Blanche a Streetcar Named Desire

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Sympathy for Blanche, ‘A Streetcar Named Desire’.

In the play ‘A Streetcar Names Desire’, I sympathize with Blanche to a large extent, but my sympathy has a limit. Blanche comes off as rude and later as a liar, which sets the limits to my sympathy which comes from the reasons behind her actions. I pity Blanche at the times where her loneliness is strong, when she gets stood up at her birthday, and finally when her sister abandons her. Opposing to the compassion, my sympathy pendulum stops swaying at the moments where she’s lying and the truth reveals, and when she’s trying to ruin Stella’s marriage. There are also times in the plat where I sympathize with Blanche at the same time don’t.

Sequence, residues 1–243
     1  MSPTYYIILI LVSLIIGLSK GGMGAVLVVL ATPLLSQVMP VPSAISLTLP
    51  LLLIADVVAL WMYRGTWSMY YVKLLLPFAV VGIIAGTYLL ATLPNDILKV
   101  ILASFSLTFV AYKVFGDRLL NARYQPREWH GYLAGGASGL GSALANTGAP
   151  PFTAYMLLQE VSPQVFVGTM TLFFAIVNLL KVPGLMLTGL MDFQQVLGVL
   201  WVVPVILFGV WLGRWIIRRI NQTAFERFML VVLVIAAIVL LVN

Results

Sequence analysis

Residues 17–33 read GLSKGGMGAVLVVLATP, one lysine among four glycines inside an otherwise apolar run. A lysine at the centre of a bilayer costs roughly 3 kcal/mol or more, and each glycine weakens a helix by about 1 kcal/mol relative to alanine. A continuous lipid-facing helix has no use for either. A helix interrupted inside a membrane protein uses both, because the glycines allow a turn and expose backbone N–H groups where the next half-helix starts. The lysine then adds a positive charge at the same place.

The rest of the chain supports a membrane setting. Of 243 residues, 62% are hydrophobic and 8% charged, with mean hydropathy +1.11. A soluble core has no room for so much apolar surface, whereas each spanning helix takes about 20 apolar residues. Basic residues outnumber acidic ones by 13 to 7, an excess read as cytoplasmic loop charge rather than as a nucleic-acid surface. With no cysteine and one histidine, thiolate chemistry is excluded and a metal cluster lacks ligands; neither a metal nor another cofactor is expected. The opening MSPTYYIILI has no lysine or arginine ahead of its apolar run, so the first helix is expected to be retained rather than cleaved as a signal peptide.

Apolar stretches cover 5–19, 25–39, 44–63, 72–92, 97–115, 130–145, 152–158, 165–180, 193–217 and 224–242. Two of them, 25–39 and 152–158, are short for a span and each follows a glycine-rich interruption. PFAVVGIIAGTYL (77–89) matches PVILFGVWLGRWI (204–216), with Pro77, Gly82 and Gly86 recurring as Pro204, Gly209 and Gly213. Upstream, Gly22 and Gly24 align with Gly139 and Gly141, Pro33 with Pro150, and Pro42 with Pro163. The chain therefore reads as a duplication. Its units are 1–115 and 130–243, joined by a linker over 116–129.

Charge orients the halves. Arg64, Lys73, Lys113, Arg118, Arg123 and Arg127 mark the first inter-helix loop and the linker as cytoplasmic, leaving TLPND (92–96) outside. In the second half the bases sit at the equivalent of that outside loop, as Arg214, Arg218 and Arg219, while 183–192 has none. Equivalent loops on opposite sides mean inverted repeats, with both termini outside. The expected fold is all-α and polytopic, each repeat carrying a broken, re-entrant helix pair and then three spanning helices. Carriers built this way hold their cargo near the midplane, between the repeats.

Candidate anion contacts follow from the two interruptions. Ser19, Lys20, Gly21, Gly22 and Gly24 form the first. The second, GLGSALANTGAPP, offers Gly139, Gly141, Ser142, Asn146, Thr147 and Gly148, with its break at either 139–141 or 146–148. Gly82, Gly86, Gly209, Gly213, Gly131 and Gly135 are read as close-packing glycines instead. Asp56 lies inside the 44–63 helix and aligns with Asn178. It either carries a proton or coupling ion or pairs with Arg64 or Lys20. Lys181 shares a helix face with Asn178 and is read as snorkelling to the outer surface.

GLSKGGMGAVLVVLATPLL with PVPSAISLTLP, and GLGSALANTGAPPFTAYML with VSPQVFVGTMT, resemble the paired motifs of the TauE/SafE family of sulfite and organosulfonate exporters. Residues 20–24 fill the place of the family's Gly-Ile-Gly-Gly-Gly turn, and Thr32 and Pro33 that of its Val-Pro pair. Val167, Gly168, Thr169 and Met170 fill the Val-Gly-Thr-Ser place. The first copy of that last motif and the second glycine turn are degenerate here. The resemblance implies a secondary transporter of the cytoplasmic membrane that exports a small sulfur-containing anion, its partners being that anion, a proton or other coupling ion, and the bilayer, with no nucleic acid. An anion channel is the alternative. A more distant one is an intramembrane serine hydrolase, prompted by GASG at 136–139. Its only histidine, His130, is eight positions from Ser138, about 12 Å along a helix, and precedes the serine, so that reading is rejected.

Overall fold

At the start of the play, I instantly dislike Blanche due to her obnoxious behavior as she tells Eunice ‘What I meant was I want to be left alone’. Soon after, Blanche confronts Stella about how Stella left, explains the conditions of the past, and tries to make Stella feel bad, ‘And looked out for yourself’, halting my sympathy as she’s scolding Stella for trying to be happy. Even so, I do sympathize with Blanche at that point because the conditions she describes, ‘Even the old sometimes say, ‘Don’t let me go!’’ show why Stella should have stayed to help and slightly hints the reason for Blanche’s insanity. Later as Blanche acts out of jealousy and tries to talk Stella into leaving Stanley, ‘He’s common’, I do not empathize with her, as her actions are self-centered and have no efficient reason. Further into the play, my pity is almost non-existent as she kisses the young newspaper boy and states, ‘I’ve got to be good and keep my hands off children’, as it shows she has no morals. A t that same period I dislike her as she lies about Shep Huntleigh. When the truth about Blanche’s sexual past reveals, I do not sympathize with her as her past is disturbing, unrespectable and looked down upon. I pity Blanche most as Stella speaks of Blanche’s dead husband. ‘Worshipped...
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